The patient’s biometric (finger or face) will have already been captured and associated with their smartphone when they first began using their device.  This biometric becomes a 2 nd   factor in the MFA design.   Often a “spare” 2 nd   factor is required (like a PIN code) in case the biometric fails and the patient needs another way to accomplish the Auth transaction.   (A PIN code is also useful as a fallback 2 nd factor as many of us are now wearing face masks and can’t use our facial biometric image as our default 2 nd   factor).  

 

Binding the device to the individual’s identity and to their record can be as simple as using the mobile app to read a one-time QR code created by the service provider for this purpose.

 

Once the patient’s mobile device is bound to their identity that has just been proofed,   the individual has completed all necessary IAL2 and AAL2 steps and is now in a position where they can use their digital AuthN across any channels (in-person, online, mobile, tele, kiosk) that the service provider supports.

The Mobile Authenticator in Action – Use Cases:

Online: As an alternative to the traditional username and password feature for online account access, the service provider can now offer a more secure process that allows the patient to login using their smartphone.  The patient enters their username or account number at the online website and a push notification is sent to the app on their smartphone.  The patient opens the notification and reads the query “ Would you like to login the patient portal? ” or “ Would you like to request an appointment? ” The patient clicks YES or NO in the app and, if YES, is prompted by the mobile app to provide their biometric as their 2 nd factor.  Once this is read the Authentication process has been completed and the service provider can now provide access to the patient to their portal knowing with confidence that the individual requesting access is indeed the patient and is not a fraudster using a stolen username and password.

 

A screenshot of a cell phone

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In-person: Instead of the patient writing their name on a clipboard and the registrar asking the patient to tell them their name and date of birth when they check-in for an appointment, the registrar instead asks the patient for their username.  This is the same username the patient uses for online access.

 

The register can type the patient’s username into a Check-In screen established for just this purpose. When near field technology is deployed to the provider, a simple tap of the phone and verification of the patient’s photo will simplify the process further.

 

A push notification will then be triggered and will be sent to the app on the patient’s smartphone.  The patient opens the notification and reads “ Are you checking in for an appointment at Clinic XYZ? ”  The patient clicks YES or NO in the app and, if YES, is prompted by the mobile app to provide their biometric as their 2 nd factor.  Once this is provided the Registrar now sees on her screen an identity synopsis of the patient who just checked-in including their name, address, DOB, facial image and any another other details that have been determined to be useful to facilitate the check-in process.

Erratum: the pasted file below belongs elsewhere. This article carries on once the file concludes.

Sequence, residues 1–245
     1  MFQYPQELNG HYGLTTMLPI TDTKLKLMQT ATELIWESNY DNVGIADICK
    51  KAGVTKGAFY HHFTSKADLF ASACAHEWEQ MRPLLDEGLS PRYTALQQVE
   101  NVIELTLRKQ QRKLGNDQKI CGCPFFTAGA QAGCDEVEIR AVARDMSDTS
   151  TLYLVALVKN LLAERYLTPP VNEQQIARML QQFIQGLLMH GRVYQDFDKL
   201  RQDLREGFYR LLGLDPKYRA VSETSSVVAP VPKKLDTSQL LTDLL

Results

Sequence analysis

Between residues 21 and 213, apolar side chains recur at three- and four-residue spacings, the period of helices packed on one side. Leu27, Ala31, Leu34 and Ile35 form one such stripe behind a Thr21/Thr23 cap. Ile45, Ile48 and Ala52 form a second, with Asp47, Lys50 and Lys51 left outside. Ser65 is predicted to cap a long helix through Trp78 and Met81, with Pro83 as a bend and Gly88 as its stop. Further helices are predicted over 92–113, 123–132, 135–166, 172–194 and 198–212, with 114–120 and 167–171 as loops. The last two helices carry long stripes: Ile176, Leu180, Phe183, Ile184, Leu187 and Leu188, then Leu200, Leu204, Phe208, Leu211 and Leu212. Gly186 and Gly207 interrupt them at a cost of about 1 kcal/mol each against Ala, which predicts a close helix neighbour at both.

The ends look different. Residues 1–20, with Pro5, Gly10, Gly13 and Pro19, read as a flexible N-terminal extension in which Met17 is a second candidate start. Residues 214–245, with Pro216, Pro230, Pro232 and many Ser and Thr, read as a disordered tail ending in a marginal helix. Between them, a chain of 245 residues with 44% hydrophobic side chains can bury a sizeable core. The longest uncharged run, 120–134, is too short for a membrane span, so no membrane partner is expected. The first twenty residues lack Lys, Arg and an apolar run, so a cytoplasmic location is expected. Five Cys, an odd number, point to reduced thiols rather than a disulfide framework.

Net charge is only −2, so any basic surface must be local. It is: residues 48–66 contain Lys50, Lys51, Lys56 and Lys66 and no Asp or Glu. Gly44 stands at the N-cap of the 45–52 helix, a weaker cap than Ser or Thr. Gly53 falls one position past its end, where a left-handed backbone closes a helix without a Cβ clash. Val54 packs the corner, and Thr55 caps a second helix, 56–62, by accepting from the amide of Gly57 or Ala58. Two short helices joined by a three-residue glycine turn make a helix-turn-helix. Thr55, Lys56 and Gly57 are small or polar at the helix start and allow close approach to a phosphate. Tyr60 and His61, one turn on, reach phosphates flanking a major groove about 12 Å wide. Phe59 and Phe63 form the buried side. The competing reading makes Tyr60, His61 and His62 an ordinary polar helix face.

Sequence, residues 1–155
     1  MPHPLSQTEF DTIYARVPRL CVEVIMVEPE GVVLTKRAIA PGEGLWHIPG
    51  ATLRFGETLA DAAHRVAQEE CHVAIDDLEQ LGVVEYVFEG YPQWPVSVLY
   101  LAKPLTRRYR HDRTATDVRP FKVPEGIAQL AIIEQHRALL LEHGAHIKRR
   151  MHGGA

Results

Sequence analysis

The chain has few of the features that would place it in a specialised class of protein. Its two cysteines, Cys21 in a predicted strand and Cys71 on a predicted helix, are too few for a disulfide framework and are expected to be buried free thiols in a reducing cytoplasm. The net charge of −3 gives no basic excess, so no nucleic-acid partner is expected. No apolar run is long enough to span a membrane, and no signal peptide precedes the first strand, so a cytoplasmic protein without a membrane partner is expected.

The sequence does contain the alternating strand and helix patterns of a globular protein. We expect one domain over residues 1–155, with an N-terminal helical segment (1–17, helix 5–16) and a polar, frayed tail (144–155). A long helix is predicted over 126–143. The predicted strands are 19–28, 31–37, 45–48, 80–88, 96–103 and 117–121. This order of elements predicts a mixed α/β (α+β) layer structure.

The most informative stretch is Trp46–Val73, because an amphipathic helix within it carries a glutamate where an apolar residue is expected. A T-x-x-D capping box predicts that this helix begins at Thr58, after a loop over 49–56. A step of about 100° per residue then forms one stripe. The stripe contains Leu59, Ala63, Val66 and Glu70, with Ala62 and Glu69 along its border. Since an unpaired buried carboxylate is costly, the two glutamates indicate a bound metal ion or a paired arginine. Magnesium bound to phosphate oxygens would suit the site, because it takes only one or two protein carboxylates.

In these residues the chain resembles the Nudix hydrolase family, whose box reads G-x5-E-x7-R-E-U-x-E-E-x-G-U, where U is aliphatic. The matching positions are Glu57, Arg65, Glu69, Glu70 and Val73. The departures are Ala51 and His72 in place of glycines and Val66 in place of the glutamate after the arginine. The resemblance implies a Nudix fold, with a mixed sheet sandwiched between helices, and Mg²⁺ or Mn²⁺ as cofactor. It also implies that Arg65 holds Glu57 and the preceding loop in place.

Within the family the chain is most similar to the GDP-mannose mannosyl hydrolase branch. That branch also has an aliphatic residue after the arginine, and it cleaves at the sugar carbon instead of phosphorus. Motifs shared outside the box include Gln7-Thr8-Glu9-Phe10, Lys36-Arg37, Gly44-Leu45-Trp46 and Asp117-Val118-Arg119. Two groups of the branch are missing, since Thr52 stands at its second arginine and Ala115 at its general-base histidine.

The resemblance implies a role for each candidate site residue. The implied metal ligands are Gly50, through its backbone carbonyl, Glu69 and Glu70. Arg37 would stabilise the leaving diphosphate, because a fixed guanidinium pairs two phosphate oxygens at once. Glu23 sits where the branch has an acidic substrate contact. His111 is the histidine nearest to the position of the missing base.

A hand holding a cellphone

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Most importantly this identity synopsis is linked to the patient’s Medical Record allowing the registrar to retrieve the one and only medical record associated to this patient at this facility.  There is no need to manually search for the record using name and DOB and select the record from a pick list that seems to best match the query.

 

  • This process is privacy preserving as the patient doesn’t need to write down their name on a clipboard nor tell the registrar any PII in a public waiting room.
  • This process is highly secure as only the actual patient can check-in using this service.  Even if the patient’s smartphone was stolen, only the true patient could correctly provide the biometric 2 nd factor needed to complete the transaction.
  • This process enforces a no-contact interaction between the patient and the registrar.  No paper or pen is used.  The only piece of data that is verbally conveyed between the two is the patient’s username which is not a data element in this design that exposes or subverts the security around the patient’s account.

 

Kiosk:   Instead of checking in with a registrar the patient may prefer to check-in at a kiosk.  This design allows the patient to enter their username on a freestanding kiosk or tablet available in the waiting room.  This triggers a notification to the patient’s app and following the same process for in-person check-in, the patient would Authenticate themselves from their smartphone. Near field identification would simplify this process as well.

 

The patient’s identity would then be added to a check-in queue that the registrar can refer to as they process patient arrivals.

  • This process allows a second path for patient check-in which may be especially useful for offices that are very busy or understaffed
  • This process is attractive for environments that don’t have a front-desk for patient check-in such as a retail clinic at a pharmacy

 

Mobile: Currently, many healthcare providers are asking their patients to call or text them when they pull into the parking lot for their appointment.  The mobile authentication design can also work to facilitate this remote arrival use case.

 

The patient is told to use their mobile app to “arrive” themselves when they pull into the parking lot.  The patient opens their mobile app and clicks on a button that says “ARRIVED”.  Because the smartphone can detect its geolocation the app is aware of the patient’s proximity to the provider’s office and can deduce that the check-in is intended for that provider’s facility.  

 

The patient now receives a push notification asking: “ Are you checking in for an appointment with Dr. Z?”  The patient answers YES and provides their biometric as their 2 nd factor.  Once again, their identity is then added to a check-in queue that the registrar can refer to as they process patient arrivals.

  • This process is especially useful to maintain social distancing

 

Mobile Apps Promotes a Patient-Centric Design